Flu levels are comfortingly low...for now

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FLU levels across the borough are at a low level according to health chiefs who are releasing regular bulletins on the illness for the first time.

The Health Protection Agency’s weekly flu report comprises information from a comprehensive range of surveillance schemes that monitor the levels of flu activity in the UK population.

The first report will be welcomed by Wigan’s NHS services. Earlier this month it was revealed that some surgeries were struggling to get hold of flu vaccines due to supply issues. Dr Richard Pebody, head of seasonal flu surveillance at the HPA, said: “The 2011/2012 flu season was one of the lowest on record – following two years of high flu activity, including the 2009 flu pandemic. This demonstrates how unpredictable the flu season can be.

“Every season we remain vigilant and assess the flu situation on a weekly basis as more information becomes available from our various surveillance systems and from the different virus samples we receive from across the UK. For the majority of people, flu is an unpleasant, but not life-threatening illness. But it can be dangerous for certain groups in the population, such as the elderly, those with underlying health conditions and those who have a weakened immune system, as well as pregnant women.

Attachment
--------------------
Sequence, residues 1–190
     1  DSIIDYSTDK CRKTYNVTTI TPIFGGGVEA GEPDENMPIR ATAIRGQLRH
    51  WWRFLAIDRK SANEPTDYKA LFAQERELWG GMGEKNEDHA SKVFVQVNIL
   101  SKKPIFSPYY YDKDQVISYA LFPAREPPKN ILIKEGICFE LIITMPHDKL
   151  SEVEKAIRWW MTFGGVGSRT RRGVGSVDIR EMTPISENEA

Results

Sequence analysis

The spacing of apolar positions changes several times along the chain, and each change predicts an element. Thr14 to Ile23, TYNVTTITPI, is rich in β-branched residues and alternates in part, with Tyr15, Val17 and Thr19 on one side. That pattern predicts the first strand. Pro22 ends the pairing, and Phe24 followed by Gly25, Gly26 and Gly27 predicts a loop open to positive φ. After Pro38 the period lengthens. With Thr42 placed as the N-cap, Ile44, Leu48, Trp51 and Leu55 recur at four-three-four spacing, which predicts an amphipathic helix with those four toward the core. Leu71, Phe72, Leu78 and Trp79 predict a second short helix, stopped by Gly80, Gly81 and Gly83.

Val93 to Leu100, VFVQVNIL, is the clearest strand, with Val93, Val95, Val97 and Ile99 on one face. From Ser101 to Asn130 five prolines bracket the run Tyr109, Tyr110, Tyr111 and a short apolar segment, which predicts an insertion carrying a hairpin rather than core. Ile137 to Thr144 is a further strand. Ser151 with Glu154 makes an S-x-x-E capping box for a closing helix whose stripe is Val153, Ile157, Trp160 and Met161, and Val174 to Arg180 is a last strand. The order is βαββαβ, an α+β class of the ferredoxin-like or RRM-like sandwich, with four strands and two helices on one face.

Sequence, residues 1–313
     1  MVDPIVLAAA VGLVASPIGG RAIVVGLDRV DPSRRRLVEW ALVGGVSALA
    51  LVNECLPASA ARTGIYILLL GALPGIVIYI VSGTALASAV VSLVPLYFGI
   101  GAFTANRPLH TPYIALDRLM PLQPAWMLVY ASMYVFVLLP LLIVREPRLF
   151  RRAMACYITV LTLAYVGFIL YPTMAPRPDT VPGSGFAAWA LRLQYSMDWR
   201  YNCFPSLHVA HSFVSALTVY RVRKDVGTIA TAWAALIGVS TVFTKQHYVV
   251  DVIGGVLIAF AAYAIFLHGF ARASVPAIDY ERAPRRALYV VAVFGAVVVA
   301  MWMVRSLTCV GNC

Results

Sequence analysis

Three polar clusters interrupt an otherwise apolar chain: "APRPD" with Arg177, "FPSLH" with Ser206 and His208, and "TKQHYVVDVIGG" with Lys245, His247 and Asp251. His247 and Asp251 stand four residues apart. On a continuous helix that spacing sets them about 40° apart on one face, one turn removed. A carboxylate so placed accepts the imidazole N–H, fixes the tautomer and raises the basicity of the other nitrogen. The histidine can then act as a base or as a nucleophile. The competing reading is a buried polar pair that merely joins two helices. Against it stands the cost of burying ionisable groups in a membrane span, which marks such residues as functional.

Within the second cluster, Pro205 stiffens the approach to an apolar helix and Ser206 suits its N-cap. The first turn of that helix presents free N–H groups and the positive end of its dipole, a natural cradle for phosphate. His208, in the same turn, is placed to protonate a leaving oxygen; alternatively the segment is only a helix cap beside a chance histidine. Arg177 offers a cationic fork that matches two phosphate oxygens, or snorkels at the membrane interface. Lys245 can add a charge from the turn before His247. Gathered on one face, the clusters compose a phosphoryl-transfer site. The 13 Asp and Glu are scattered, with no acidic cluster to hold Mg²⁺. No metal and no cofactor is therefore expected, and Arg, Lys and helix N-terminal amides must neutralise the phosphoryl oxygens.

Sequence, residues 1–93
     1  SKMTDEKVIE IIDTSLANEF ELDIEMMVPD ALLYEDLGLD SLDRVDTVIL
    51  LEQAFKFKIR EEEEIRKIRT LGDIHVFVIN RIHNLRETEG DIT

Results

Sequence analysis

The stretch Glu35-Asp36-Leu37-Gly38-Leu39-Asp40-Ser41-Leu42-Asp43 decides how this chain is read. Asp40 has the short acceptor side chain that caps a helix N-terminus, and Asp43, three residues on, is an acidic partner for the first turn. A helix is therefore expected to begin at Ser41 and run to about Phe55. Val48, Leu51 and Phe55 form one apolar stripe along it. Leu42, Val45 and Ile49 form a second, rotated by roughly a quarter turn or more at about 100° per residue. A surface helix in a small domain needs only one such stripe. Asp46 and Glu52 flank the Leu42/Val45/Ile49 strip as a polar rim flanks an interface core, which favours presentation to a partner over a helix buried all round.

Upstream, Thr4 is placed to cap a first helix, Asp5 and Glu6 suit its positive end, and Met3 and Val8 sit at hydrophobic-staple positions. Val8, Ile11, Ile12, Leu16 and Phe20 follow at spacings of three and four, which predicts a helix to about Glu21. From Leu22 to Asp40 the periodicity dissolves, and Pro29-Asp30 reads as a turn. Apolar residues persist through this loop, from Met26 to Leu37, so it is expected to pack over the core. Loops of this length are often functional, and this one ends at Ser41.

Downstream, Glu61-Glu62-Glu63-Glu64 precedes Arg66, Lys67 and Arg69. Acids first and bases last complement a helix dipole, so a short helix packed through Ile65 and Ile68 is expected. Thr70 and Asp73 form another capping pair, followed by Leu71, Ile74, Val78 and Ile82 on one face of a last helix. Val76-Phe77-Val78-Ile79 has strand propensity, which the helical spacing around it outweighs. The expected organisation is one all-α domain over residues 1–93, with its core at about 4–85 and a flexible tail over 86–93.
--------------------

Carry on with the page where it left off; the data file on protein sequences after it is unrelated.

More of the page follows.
“If you are in an at risk group you may already have been or will be invited to receive your flu jab this season by your GP If you haven’t already, the HPA strongly recommends that all those in an at risk group accept the flu vaccination to remain healthy this coming winter. As in previous seasons we will produce our weekly flu report which will detail the flu viruses that are circulating together with information on the levels of influenza illness in the population. This helps to inform health professionals.

“Once flu reaches the level at which it is circulating widely in the general population, it triggers a notification that doctors are advised to use antiviral drugs for the prevention or treatment of flu in patients who are at higher risk of developing complications.”